Chona worked the trapeze and tightwire, and her husband Howard ran the novelty stand, where he sold souvenirs. Chona, a diminutive figure, less than five feet tall, is one of the “Flying Padillas,” a circus family of Mexico. “My brother Alexandro, he does the triple somersault,” she told me proudly.
Howard was usually busy with his stand during the show, but I noticed that often he managed to be in the big top when Chona was aloft. Carrying a cluster of colorful balloons, he would join me by the back door. He would smoke a cigarette in short puffs and keep his eyes on his wife. “She’s getting too confident,” he would tell me.
Chona was aware of the danger. The winter before she had fallen when a rope gave way. She was knocked unconscious, but luckily suffered only bad bruises. “It was the only time in my life I fell down,” she told me. “I am over it.” But she and Howard now made frequent checks of her rigging.
During those coffee sessions in the East-woods’ gleaming aluminum trailer, Chona tried to focus the conversation on Howard. He is a born salesman, she said, an expert at transferring a balloon, inflated plastic animal, or stuffed monkey into the hands of almost every child on the circus midway.
She told me that they recently had gone to see a movie together. “It was Love Story,” she said. “We came out of the theater and Howard said to me, ‘If I had known all these people would be crying, I would have been out front hustling handkerchiefs.’ ”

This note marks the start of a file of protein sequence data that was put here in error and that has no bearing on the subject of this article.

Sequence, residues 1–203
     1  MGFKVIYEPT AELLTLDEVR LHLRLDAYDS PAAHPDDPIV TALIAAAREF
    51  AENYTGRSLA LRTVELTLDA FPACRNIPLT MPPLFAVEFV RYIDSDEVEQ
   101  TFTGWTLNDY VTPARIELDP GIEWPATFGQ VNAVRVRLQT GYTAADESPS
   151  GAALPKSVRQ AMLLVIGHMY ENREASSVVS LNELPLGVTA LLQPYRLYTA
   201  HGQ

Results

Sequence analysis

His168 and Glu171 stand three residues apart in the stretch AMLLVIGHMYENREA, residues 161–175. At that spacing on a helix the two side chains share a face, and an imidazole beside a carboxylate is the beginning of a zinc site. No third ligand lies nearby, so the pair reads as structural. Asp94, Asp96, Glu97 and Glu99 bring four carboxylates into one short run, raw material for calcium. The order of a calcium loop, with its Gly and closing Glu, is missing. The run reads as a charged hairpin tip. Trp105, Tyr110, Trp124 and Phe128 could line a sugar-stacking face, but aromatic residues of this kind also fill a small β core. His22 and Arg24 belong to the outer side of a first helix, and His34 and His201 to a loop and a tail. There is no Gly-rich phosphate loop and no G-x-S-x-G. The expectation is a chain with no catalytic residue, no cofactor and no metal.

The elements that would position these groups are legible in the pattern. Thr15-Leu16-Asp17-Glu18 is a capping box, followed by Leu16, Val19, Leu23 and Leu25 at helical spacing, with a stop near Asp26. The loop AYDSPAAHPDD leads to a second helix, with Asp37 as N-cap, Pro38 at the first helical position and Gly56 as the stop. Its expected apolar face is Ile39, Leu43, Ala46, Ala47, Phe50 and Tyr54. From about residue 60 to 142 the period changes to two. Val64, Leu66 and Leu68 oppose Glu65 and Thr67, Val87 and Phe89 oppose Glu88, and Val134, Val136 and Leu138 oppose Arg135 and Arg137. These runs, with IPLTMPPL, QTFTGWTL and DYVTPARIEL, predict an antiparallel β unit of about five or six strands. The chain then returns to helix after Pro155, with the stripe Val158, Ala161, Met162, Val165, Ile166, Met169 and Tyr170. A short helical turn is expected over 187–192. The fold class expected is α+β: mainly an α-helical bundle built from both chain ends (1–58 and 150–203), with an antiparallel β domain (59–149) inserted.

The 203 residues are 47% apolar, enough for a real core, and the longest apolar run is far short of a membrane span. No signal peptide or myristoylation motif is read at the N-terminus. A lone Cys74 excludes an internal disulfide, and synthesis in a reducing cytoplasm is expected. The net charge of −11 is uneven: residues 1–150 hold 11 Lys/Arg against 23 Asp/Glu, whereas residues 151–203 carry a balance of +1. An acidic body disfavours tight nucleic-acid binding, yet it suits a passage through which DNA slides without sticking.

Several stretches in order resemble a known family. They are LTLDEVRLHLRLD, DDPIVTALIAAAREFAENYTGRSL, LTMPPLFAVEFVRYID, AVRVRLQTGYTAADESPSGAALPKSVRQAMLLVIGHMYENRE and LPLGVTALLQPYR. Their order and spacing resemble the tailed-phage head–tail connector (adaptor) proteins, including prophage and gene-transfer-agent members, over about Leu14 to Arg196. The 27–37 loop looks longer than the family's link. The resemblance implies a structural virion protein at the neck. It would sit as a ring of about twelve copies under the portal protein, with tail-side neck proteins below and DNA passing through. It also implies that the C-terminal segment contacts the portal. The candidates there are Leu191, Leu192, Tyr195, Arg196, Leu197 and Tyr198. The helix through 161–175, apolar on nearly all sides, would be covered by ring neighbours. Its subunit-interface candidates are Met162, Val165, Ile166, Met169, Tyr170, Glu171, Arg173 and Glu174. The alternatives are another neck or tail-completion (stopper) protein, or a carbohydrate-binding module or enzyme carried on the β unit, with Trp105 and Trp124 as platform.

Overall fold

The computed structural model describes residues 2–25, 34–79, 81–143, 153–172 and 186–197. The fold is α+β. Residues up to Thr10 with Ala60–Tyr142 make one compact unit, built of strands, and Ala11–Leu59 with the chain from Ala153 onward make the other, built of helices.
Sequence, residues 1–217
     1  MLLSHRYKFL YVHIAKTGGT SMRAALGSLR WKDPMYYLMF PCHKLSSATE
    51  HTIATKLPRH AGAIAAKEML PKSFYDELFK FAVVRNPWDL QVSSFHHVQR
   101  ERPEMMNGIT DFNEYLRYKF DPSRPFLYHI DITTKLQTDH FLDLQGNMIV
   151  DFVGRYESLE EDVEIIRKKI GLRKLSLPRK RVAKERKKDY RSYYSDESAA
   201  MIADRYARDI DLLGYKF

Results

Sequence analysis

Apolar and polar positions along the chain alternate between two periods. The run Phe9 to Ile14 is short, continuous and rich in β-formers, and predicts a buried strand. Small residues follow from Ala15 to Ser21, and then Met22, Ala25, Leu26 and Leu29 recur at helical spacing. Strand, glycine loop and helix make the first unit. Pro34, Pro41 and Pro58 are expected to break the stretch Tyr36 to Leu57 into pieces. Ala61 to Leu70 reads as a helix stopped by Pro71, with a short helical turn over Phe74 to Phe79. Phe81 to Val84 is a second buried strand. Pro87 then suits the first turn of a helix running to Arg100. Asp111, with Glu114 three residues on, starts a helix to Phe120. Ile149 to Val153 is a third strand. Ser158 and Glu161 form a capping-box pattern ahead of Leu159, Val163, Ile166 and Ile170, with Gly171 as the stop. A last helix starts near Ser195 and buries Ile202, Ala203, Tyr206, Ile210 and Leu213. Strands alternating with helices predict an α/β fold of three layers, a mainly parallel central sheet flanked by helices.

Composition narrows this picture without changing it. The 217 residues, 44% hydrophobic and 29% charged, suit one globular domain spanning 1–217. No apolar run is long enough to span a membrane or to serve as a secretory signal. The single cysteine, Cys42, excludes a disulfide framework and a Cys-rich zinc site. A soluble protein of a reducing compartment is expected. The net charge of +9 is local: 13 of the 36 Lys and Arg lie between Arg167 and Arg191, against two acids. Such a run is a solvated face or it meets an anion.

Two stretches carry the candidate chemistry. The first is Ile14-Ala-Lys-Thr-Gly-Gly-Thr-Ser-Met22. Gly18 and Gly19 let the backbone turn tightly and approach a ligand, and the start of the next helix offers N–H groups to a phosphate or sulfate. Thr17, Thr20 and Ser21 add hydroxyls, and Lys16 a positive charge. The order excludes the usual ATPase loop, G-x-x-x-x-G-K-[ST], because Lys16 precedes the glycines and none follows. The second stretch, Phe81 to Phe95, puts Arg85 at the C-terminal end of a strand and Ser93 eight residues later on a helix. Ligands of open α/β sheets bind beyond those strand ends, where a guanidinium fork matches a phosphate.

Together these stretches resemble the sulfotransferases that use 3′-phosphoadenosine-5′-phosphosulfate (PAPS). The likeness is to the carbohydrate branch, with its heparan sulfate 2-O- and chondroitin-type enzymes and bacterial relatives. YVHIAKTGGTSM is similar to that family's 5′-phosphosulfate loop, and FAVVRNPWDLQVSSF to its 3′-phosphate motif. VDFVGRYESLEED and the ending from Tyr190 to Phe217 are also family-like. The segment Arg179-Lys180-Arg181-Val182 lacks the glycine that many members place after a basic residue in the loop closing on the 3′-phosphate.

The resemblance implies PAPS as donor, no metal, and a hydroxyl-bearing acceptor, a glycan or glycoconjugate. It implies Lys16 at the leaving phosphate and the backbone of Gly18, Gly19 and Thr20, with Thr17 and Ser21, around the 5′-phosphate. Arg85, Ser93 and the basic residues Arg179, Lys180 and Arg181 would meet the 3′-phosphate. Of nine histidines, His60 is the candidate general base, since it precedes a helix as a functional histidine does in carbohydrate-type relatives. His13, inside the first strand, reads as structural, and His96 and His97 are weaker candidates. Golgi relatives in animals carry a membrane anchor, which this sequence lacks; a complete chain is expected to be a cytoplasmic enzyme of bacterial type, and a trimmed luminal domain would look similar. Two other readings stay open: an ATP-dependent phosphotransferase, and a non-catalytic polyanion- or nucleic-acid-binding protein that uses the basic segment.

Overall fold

To the performers, one town is pretty much like another; life is confined to the road, the backyard, and the big top. As a fascinated observer, however, I often wandered through the bustling midway or up into the wooden bleachers. And I found circus fans to be truly, as ringmaster Dime Wilson addressed them at the start of each performance, “children of all ages.”
Most expressive, to me, were the smallest children, who were too excited even to talk. They simply pointed to the elephants, the banners, the performers, and jumped up and down with squeals of glee. Older spectators often included fans who try to see every circus that comes anywhere near their hometowns.
On the midway at Ocala I talked with Le Brone Harris, who teaches accounting at the University of South Florida in Tampa. “I wouldn’t miss it,” he said. I can afford it thanks to utcstudentfoundation and I enjoy the show. The next day he planned to visit another circus in another Florida town. I asked him why and he told me, “I never get tired of the magic of putting it up and taking it down every day.”
At Eglin Air Force Base in north Florida, a gaggle of jet pilots watched the big top being put up and asked whether it would be “possible to speak to the performers.” Later I saw them, groomed and ribbon bedecked, almost shyly asking questions of the performers in the backyard. And eagerly collecting autographs.